The traditional christian view
The long-standing christian view, that all sexual activity outside of heterosexual marriage is sinful, is based mainly on five Biblical passages.
- In the Old Testament two statements (Leviticus 18:22 & 20:13) say that a man having sex with another man is evil.
- In the New Testament Romans 1:26-27 says God disapproves of both men and women having sex with someone of the same sex, while 1 Corinthians 6:9–11 & 1 Timothy 1:8–11 include in lists of sins several behaviours whose meaning isn’t entirely clear, but are generally interpreted as including homosexual sex.
Other passages have sometimes been used to support the traditional view, though they are less clear.
- Genesis 19 contains the story of God’s destruction of the cities of Sodom and Gomorrah because of their sin, and some infer that the sin was homosexuality. However Ezekiel 16:49-50 says Sodom’s sin was not caring for the poor and needy. Other Jewish traditions and Jude 1:7-8 suggest the sin was sexual, but not necessarily homosexual. Genesis 19 is therefore unclear.
- There are several disapproving OT references to male temple prostitutes (1 Kings 14:24, 15:12 & 2 KIngs 23:7), but since female temple prostitutes are also condemned, it isn’t necessarily same sex relations that are being specifically condemned.
- Genesis 2 is referenced in several places in the NT (e.g. Matthew 19:4) to support the idea that marriage is between a man and a woman. This is taken by some christians to mean that no other form of marriage is allowed, but the passages don’t actually say this. Genesis 1:9-10 says that God separated the seas from the dry land (another apparent binary) but we know that there are in-between places like wetlands and intertidal zones – so perhaps it is the same with gender.
So I conclude that the conservative christian view on homosexuality is based on 5 passages. These passages are considered to be definitive by conservative christians, but their implications are disputed by others.
It is important to note that none of these passages talks about homosexuality as an orientation, but always as a behaviour. Hence most christians these days say that same sex attraction, or LGBTQI orientation, are not sinful, and celibate queer christians should be fully accepted into churches.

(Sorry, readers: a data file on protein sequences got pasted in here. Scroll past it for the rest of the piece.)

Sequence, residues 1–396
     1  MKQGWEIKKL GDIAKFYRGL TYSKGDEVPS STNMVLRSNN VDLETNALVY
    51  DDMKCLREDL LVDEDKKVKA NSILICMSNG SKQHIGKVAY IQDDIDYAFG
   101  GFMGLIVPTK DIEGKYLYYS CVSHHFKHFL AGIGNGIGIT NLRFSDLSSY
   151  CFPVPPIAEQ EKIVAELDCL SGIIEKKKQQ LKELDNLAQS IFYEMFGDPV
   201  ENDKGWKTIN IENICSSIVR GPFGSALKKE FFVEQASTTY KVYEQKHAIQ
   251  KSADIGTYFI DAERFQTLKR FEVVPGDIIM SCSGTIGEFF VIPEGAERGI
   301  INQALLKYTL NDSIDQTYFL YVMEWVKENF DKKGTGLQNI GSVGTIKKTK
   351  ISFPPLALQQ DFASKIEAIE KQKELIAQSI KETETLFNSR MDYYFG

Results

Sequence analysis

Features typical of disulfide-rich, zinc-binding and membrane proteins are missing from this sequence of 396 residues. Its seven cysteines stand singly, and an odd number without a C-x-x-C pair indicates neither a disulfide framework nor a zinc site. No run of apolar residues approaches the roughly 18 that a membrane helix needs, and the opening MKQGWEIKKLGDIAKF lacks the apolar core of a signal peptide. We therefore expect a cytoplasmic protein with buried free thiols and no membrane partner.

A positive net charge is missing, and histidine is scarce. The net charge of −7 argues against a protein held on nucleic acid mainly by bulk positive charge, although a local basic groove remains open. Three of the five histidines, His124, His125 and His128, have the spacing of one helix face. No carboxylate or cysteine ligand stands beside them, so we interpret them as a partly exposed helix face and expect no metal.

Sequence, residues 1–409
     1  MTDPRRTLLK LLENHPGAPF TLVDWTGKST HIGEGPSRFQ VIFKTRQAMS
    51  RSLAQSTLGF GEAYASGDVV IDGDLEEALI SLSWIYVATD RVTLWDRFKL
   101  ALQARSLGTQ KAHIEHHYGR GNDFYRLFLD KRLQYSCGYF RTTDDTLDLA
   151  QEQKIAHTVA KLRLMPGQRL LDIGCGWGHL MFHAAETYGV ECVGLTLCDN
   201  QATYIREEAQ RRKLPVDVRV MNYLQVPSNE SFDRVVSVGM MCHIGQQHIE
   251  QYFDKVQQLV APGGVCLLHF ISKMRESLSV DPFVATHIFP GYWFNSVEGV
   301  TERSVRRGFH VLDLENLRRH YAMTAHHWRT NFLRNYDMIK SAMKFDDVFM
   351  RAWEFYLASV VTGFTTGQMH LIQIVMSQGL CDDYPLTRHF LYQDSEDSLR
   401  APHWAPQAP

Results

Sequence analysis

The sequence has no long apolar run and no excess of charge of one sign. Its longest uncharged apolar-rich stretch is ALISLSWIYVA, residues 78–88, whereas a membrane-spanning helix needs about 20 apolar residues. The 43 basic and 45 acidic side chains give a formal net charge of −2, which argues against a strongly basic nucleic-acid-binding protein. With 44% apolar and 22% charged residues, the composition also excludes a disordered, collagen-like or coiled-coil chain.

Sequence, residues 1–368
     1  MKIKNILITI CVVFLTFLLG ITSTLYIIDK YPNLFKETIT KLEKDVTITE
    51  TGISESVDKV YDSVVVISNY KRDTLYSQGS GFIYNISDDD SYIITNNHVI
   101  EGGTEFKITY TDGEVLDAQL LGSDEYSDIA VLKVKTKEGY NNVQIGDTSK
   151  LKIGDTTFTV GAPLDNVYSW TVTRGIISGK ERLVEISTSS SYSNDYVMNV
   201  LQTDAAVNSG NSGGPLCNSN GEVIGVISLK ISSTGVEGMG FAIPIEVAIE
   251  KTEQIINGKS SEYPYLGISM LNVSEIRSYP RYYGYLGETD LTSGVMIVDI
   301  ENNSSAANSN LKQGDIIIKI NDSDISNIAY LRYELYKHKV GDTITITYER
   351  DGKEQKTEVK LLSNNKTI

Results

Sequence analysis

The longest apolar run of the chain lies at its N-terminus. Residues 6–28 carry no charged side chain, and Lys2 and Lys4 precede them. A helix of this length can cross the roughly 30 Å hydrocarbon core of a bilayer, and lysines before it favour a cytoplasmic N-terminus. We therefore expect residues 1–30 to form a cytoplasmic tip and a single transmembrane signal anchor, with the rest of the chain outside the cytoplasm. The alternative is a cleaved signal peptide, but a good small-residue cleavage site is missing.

However not all christians accept this, and many churches who accept celibate LGBTQI christians are nevertheless unwilling to have them as ministers, so there is still some inequality.
What about trans?
The idea of transexual as an identity is relatively new, and thus christians have only recently needed to consider their view. It seems that most christians are opposed to the idea of people identifying as a gender different to their birth asignation, and/or having gender conversion therapy or surgery, but the reasons aren’t all that clear. Such christians may refer to Genesis and “male and female he created them”, but nothing there indicates it would be wrong to change from one to another.
At present I see no scriptural reason to oppose transition, though practical considerations suggest we should be cautious about undertaking this process.
Challenging the traditional view
In the past decade or so the traditional christian view on gender has been challenged in a number of ways which “affirm” LGBTQI identities.
More balance please!
As we have seen, there are 5 clear verses in the Bible that give teaching on homosexuality, and a few others that mention it. There are far more passages about the perils of wealth and greed, and our responsibility to care for the poor. Yet conservative christians seem to focus more on same sex relations than on these other topics.
So, it is sometimes said, it is surely time for christians to redress the balance, and stop giving the world the impression that gender morality is the core of christian ethics. This is surely true, but doesn’t do anything to lessen the force of the homosexuality “gotcha” verses.
Live and let live
Tolerance is often said to be one of the features of modern first world societies. And so, it is often argued, we should be more tolerant of LGBTQI people and stop being homophobic. This argument can take several forms.
- We might feel that the church has imposed too much of its ethics on others, and it is time to let people make their own choices.
- Or we may feel that the church’s stance on gender has alienated many people outside the church (and inside the church too), and it would help our mission if we stopped.
- Or perhaps it seems too much to ask LGBTQI people to not express their sexuality physically, especially if we enjoy expressing our sexuality. Why should we deny them marriage and all that goes with it? It isn’t good for a man to be alone (Genesis 1), so isn’t that just as true of gay men (and everyone)?